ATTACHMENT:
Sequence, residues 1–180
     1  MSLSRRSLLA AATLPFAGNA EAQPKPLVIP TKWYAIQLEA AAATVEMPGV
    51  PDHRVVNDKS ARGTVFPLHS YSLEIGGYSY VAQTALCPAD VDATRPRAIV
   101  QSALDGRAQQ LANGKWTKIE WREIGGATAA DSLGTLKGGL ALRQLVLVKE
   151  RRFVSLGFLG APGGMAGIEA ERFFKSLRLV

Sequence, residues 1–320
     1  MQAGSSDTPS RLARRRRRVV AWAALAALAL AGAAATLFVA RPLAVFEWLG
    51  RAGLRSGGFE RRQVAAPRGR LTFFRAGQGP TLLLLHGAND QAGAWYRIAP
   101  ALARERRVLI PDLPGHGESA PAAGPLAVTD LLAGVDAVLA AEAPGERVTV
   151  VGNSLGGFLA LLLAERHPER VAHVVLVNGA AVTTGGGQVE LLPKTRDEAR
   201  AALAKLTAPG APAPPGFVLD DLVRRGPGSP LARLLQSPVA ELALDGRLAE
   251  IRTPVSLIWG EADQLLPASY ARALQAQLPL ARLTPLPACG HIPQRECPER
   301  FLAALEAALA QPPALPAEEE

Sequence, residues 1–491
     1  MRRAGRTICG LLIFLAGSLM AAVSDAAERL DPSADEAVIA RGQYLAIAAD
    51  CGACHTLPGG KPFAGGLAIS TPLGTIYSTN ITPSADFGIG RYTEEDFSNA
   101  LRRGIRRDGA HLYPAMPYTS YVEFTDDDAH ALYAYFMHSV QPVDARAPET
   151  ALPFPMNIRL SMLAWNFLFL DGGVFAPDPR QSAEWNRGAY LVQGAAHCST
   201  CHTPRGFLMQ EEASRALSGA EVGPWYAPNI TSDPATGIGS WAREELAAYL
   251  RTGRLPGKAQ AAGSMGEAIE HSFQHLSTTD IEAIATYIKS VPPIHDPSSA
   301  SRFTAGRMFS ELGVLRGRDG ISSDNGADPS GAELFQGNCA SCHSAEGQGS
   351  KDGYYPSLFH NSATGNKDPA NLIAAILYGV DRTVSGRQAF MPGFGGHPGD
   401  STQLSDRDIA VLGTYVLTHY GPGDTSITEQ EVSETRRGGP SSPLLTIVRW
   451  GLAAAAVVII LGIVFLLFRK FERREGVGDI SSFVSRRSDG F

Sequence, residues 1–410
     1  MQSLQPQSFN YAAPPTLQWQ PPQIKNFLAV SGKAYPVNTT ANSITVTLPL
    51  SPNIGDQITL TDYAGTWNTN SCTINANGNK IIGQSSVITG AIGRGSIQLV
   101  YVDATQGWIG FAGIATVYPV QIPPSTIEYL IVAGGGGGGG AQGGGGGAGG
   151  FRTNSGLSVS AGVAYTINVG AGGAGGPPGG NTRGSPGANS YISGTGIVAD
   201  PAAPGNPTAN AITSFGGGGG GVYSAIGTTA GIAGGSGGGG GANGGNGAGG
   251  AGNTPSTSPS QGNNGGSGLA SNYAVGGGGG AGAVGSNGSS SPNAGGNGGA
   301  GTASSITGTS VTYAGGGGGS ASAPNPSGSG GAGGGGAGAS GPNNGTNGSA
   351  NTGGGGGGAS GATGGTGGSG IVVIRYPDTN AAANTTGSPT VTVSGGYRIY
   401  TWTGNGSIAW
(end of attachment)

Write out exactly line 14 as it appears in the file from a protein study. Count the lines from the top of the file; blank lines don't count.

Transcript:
Sequence, residues 1–491